Windows 10 Keyboard Shortcuts Every User Will Want To Know


  There are actually quite a few keyboard shortcuts (aka keystrokes) which Microsoft made sure to include within the Windows 10 environment to accommodate new functions Windows 10 brings to the PC user. Windows 10 allows you to create virtual desktops and these can be created and controlled using keyboard shortcuts. Windows 10 also delivers the new function of positioning active windows on the desktop using keyboard shortcuts which makes multitasking a pretty cool thing. Many things including controlling Cortana, sharing content, making connections, and game interactions can all be made to happen using Windows 10 keyboard shortcuts. If you're a Windows 10 multitasker or even just an everyday user, these Windows 10 keyboard shortcuts every user will want to know will make your computing environment easier and more interesting to use.



Creating And Managing Virtual Desktops Using Keyboard Shortcuts In Windows 10


  Virtual desktops have been part of many computing environments for a very long time but Microsoft has avoided building that function into its operating systems until now with Windows 10. Many people will likely find using virtual desktops to be useful and here's how to do that with keyboard shortcuts in Windows 10. To create a new virtual desktop all you need to do is hit three keys: The Windows Logo (or "Start") key, the Ctrl key, and the D key. It does not matter if Caps is on or off, it works either way. The first slide below depicts the initial desktop with a browser opened. The second slide depicts a new virtual desktop created when hitting Windows + Ctrl + D. The third slide shows the new virtual desktop with Windows Explorer opened. At this point there are two desktops, one with an open browser and the other where you could navigate around within your computing environment. The fourth slide simply shows the original desktop which you can switch back to by hitting Windows + Left Arrow, and then back again to your new virtual desktop with Windows + Right Arrow. In the last slide you can see what happens if leaving an active window open (Windows Explorer) and closing your new virtual desktop by hitting Windows + Ctrl + F4. The active window remains open and is now displayed on the original desktop along with the existing active (browser) window which was there from the beginning.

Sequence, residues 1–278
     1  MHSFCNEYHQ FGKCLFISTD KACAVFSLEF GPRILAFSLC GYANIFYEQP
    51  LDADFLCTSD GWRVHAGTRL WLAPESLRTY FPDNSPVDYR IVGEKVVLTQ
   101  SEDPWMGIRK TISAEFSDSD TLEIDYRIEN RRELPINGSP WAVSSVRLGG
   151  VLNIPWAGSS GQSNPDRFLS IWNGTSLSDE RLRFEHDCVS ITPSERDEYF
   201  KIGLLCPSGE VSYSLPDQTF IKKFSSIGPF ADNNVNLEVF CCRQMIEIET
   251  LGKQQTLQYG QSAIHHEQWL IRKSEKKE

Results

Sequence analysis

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  If you are an avid multitasking PC user you might be happy to know that you are by no means limited to two or three virtual desktops. You could create seven or even more if you really wanted and still navigate between them in the same way using keyboard shortcuts in Windows 10. Another key aspect of virtual desktops is the use of Task View and if you use the Windows + Tab keyboard shortcut you will see all of your currently open virtual desktops as thumbnails lined up along the bottom of your screen. This way you can spot which ones have which apps running and use your mouse or touch to choose one. The expandable image below will give you an idea of what that Task View looks like.




Positioning Windows And Apps On Your Screen Using Keyboard Shortcuts In Windows 10


  Although this is not new (because Windows 7 has the window positioning function built in) it is a little different in Windows 10. Using the Windows Logo key and the four arrows on the keyboard you can manipulate the positioning of multiple active windows on a given desktop. Windows + Left Arrow moves the chosen window to the left or shrinks a full sized window to the left. Windows + Right Arrow just does the same thing to the right side. The difference in Windows 10 is where the Task View pops up on the opposite side of your positioned window. Using the Up and Down Arrows windows can be resized, maximized or minimized to the taskbar (if you hit Windows + Down Arrow twice) but you would then need to use your mouse, touch, Alt + Tab or Windows + Tab to bring it back. The slideshow below shows these functions in action.


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  There are a number of other keyboard shortcuts which had not been available before Windows 10. Whereas Cortana is now the de facto search agent it only makes sense that keyboard shortcuts would exist to help control that. Windows + C instructs Cortana to listen for voice commands and Windows + S instructs Cortana to respond to typed commands. Windows + X opens the Start context menu, Windows + I opens Windows 10 Settings and Windows + A opens the Action Center (aka Notifications). There are also Windows 10 keyboard shortcuts which can take you "outside the box" including Windows + G which opens the Game Bar within Windows 10 games and Windows + Alt + G to record videos of those games as long as you have the supported hardware (you could then post and share them). Windows + H will open Sharing whenever you're in an App which supports it. If your device supports wireless displays and/or wireless audio devices with Miracast Windows + K gets you into that area. Beyond all of that here's a new keyboard shortcut for Windows 10 which would have been nice to have all along: Windows + PrtScn (Print Screen). It used to be that when you hit the PrtScn button the current desktop view would be copied to the clipboard and you could then paste it into Paint or another program. With this new function hitting Windows + PrtScn actually generates a .png graphic file in a folder within your pictures folder. Whatever was displayed on your current desktop is saved as Screenshot.png to /Pictures/Screenshots immediately when you use that keyboard shortcut. What's interesting about this as well is that there is no Screenshots folder until you take that action for the first time. Windows 10 is indeed trying very hard to be that all encompassing OS and at least some of these new shortcuts help to prove that out.



Tags: Windows 10, keyboard shortcuts,